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after installing 12.04 from 11.04 and using the gnome-fallback desktop I installed the CPU scaler app in the top bar. It shows that my laptop is always running in Performance mode and never goes to On-Demand shortly after bootup like it did in 11.04. I have to change it manually now. I am wondering if Performance is now standard in 12.04 or if the applet is just not working correctly. I honestly cant tell the difference in performance when I select either one and according to my temperature monitor there is no difference between the two either (Except that in On-Demand the CPU frequency changes between 800 Mhz and 2.27 Ghz) and in Performance it stays constantly at 2.27 Ghz). Powersave does make my laptop run cooler and slower as it stays at 800 Mhz. Has anyone else come across this at all? Thanks much for reading this.

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The ondemand governor is the default and best for most general use-cases. Incidentally, I ran some analysis on this for 12.04 to see how the governors shape up on different scenarios:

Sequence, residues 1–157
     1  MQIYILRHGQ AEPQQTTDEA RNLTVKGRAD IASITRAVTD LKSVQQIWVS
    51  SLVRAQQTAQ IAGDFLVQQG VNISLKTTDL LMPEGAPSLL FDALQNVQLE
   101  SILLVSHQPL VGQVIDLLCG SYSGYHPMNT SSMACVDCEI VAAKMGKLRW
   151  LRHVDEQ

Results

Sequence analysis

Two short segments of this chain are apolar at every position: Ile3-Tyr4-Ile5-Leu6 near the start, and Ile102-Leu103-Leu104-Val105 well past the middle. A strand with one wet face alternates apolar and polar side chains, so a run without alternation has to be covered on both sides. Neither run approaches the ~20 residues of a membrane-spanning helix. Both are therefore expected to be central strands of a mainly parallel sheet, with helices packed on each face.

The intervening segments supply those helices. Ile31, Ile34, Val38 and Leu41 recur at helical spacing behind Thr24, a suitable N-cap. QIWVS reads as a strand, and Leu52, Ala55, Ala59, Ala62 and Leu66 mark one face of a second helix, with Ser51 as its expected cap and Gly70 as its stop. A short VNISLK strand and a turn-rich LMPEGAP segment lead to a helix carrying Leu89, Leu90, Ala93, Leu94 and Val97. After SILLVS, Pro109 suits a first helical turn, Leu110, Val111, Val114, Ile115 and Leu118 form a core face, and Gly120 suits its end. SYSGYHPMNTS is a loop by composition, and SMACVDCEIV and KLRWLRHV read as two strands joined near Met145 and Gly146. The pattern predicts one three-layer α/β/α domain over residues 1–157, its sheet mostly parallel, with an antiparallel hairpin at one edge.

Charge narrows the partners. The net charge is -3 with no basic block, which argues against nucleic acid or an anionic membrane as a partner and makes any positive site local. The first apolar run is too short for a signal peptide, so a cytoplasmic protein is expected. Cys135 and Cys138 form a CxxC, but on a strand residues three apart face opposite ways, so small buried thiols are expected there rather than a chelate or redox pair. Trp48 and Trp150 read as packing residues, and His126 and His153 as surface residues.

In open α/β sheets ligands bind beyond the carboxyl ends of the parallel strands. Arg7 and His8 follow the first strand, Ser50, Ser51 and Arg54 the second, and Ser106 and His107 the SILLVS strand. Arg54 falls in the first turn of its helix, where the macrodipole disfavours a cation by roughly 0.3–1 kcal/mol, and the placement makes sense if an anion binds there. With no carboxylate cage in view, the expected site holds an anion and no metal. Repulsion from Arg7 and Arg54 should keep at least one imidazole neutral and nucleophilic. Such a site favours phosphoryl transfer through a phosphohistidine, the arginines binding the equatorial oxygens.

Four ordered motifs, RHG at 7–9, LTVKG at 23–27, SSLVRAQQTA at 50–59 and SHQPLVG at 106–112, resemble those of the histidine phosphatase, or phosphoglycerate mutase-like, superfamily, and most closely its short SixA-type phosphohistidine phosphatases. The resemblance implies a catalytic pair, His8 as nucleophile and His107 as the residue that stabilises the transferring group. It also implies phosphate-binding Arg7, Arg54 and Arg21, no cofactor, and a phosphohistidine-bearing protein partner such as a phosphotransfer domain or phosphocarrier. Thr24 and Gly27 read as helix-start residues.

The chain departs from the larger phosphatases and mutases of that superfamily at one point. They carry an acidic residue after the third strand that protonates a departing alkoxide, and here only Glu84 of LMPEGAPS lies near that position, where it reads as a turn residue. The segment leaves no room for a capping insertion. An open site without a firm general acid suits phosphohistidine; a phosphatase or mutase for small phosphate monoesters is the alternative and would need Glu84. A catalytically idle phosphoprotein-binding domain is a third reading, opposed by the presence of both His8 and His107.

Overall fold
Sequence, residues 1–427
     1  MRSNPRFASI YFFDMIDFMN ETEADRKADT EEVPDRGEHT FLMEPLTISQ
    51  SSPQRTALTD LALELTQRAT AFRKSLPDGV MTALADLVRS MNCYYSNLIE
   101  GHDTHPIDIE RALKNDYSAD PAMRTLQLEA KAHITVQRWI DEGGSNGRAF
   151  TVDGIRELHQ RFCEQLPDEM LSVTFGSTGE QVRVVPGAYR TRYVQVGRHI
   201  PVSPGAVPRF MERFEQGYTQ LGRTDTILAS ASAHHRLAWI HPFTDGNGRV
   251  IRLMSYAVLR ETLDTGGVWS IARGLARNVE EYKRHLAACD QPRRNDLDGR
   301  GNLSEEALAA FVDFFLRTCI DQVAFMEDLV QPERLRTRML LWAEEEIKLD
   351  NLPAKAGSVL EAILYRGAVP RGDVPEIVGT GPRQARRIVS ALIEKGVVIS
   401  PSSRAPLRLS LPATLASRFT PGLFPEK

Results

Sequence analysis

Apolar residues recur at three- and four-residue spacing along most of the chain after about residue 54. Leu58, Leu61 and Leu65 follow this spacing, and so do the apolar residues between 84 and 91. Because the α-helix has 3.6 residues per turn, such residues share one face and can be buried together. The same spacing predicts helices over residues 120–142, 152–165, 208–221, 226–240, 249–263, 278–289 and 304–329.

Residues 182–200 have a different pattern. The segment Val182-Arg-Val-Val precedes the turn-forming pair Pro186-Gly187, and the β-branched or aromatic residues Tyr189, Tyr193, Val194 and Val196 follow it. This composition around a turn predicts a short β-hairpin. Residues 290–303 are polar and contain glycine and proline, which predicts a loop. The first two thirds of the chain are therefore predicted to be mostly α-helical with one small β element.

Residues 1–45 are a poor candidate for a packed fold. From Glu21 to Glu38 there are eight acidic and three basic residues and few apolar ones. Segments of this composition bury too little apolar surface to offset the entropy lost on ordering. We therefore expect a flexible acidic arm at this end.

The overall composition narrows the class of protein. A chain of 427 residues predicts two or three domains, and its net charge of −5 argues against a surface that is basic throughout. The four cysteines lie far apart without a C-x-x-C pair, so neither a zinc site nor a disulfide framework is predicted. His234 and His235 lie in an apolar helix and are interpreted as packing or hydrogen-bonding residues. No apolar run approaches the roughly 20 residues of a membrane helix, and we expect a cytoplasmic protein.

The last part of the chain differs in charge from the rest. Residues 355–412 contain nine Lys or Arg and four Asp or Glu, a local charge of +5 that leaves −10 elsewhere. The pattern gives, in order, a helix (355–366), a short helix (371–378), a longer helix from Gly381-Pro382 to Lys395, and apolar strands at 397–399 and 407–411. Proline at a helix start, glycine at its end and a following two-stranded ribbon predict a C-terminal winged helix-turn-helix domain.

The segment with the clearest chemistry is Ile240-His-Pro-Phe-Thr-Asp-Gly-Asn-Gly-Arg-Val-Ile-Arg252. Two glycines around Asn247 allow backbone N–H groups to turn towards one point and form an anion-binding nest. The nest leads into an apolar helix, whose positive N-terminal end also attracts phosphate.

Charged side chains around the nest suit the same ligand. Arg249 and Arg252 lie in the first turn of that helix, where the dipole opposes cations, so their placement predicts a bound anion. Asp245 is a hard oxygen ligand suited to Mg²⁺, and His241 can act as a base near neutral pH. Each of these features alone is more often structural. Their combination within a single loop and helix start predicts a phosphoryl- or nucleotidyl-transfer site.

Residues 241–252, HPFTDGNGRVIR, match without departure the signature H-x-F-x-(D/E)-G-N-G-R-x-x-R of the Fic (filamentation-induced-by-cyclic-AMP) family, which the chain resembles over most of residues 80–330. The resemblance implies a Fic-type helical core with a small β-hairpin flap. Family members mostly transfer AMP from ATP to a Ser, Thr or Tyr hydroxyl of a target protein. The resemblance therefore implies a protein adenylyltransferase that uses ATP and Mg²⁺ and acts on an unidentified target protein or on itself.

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+1 for your research! As you can see with the very low difference in current between performance and powersave on idle, Intel's modern CPUs are really good at minimising power use on idle even when you force the CPU to run at full speed all the time. So speedstep is less necessary (but still helps). The same is not the case for the AMD Turion featured which sucks a lot more energy on performance when idle. – thomasrutter Jan 24 '13 at 0:54

The performance is normally set to ondemand, so it may be an issue with your system specifically, or it may be the way your CPU is set to work by default (a BIOS option most likely).

As you don't say what laptop you have, I can't give a detailed answer, but I would suggest checking the BIOS to see if it does not have the CPU set to a high performance mode.

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Else you can try mercury. It may be helpful.

sudo add-apt-repository ppa:webupd8team/jupiter
sudo apt-get update
sudo apt-get install jupiter
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Could you please give more details what mercury is? maybe a link? Mercury and Jupiter are common names, it's futile to search the web for them. – JPT Mar 30 '15 at 15:18

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